An article about this research was published in Astrophysics Journal (“Formation of the Lyman Continuum during Solar Flares”).
The penultimate author of this article is Paulo José de Aguiar Simões, a professor at the Mackenzie Presbyterian University School of Engineering (EE-UPM) in the state of São Paulo, Brazil. “We show that the intensity of LyC increases significantly during solar flares and analysis of Lyman spectra can actually be used for plasma diagnosis,” said Simões, who is also a researcher at the Mackenzie Center for Radio Astronomy and Astrophysics (CRAAM).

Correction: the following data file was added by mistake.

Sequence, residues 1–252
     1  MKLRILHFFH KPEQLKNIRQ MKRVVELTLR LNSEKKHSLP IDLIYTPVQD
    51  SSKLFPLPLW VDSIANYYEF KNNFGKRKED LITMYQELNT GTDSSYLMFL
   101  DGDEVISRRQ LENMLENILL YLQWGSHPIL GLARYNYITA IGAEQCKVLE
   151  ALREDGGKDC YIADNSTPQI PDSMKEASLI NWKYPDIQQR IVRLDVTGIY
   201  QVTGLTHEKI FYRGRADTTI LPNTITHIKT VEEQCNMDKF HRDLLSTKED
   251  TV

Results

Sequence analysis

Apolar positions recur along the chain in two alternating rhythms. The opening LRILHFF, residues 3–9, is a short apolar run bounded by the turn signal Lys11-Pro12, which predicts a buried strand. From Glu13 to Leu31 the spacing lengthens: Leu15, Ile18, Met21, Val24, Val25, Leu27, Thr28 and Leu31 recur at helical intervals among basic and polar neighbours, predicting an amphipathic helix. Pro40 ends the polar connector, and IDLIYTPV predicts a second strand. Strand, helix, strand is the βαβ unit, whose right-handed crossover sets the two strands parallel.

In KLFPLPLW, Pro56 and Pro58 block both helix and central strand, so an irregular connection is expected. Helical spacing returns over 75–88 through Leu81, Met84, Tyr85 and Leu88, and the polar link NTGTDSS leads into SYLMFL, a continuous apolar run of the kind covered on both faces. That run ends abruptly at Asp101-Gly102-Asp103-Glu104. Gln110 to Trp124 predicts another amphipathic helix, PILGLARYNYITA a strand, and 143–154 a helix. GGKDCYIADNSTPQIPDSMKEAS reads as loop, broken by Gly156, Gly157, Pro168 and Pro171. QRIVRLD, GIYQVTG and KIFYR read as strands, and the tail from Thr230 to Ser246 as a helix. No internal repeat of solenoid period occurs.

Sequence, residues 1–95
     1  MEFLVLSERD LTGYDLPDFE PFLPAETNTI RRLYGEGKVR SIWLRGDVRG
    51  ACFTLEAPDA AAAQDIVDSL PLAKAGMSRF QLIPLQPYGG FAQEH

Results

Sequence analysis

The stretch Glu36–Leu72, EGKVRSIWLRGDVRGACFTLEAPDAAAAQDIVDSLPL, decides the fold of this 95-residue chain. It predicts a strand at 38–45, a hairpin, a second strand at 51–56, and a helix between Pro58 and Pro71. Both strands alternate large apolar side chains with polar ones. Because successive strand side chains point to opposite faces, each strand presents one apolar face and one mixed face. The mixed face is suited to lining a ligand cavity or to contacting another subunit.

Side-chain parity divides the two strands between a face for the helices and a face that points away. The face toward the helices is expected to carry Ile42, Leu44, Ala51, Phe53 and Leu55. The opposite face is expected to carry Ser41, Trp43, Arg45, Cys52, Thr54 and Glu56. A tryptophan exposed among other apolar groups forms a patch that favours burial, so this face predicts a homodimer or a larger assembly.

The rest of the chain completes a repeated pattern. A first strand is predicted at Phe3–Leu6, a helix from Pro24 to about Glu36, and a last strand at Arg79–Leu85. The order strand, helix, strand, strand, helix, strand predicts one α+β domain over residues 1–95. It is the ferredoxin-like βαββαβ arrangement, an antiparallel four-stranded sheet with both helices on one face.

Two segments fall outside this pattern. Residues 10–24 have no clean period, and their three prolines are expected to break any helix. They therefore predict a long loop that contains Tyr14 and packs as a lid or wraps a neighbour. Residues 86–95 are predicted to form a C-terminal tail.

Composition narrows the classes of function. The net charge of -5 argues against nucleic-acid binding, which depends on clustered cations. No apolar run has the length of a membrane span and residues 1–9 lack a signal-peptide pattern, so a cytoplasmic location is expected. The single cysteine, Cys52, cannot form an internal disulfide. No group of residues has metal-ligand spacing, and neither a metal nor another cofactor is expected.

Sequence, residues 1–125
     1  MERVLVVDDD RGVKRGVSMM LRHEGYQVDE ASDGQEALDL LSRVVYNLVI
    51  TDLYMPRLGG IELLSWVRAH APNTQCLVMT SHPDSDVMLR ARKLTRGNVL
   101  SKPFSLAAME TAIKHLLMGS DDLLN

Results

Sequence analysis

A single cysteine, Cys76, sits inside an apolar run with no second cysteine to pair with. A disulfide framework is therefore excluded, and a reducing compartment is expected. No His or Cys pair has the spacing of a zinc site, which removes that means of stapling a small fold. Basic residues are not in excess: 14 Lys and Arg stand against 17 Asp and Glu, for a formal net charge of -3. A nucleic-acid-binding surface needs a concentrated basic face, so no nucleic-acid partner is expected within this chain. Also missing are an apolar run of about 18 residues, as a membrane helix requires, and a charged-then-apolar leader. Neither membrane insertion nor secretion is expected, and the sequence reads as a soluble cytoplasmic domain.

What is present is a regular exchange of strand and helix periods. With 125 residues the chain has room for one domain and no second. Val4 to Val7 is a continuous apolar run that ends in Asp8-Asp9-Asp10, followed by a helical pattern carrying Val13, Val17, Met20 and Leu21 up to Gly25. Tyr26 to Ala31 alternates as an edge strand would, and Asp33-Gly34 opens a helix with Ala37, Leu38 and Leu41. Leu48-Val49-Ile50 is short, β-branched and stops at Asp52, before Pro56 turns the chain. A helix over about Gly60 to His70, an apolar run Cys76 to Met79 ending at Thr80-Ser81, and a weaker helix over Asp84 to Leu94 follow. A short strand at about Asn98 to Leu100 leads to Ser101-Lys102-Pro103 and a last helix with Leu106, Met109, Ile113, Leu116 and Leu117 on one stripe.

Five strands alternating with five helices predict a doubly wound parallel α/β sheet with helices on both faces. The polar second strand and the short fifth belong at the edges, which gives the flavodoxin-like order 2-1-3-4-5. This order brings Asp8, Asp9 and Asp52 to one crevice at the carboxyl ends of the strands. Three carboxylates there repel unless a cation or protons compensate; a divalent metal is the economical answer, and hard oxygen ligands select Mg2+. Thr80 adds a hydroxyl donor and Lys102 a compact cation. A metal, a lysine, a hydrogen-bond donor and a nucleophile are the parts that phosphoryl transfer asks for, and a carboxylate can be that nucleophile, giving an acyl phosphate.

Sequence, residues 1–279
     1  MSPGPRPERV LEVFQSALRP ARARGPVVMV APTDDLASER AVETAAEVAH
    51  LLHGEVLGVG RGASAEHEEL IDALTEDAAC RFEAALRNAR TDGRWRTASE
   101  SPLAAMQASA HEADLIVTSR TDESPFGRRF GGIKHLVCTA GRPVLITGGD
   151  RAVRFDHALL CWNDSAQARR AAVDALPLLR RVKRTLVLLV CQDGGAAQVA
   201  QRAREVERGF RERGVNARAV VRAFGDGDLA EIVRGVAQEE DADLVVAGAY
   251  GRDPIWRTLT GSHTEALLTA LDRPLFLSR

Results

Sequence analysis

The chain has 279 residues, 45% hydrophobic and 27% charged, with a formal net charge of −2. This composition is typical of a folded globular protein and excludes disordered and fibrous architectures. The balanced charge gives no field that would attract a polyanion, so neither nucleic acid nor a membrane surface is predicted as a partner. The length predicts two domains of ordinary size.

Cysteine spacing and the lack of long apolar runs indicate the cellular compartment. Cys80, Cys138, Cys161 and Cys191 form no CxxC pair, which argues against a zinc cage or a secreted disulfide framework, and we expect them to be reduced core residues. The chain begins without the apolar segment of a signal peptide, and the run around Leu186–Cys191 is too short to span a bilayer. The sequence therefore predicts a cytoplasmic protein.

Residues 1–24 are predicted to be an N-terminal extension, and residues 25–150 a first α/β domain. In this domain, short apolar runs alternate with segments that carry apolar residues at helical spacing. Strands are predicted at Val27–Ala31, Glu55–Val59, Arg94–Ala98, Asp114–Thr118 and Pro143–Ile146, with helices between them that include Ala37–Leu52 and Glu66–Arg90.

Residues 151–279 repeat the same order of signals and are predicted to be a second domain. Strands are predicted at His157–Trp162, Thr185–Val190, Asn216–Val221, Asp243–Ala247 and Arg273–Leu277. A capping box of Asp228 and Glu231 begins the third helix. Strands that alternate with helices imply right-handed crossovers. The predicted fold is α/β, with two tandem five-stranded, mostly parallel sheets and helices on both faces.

The simulation corroborates important results obtained at the Laboratory of Solar Dynamics by the Argentine astronomer Marcos Machado showing that the color temperature, which in calm periods is in the region of 9,000 Kelvin (K), rises to 12,000-16,000 K during flares. The article in which he reported these results and which was also written by Simões, was the last published by Machado. A world-renowned Sun expert, he died in 2018 while the article was under peer review.
Here it is necessary to recall a little about what is known about the structure and dynamics of the Sun. A large amount of the energy that gives Earth light and heat is mainly generated by the conversion of hydrogen to helium in the process of nuclear fusion that occurs deep within the star. This vast region cannot be observed directly because light does not traverse the “surface” of the Sun, which is actually the photosphere.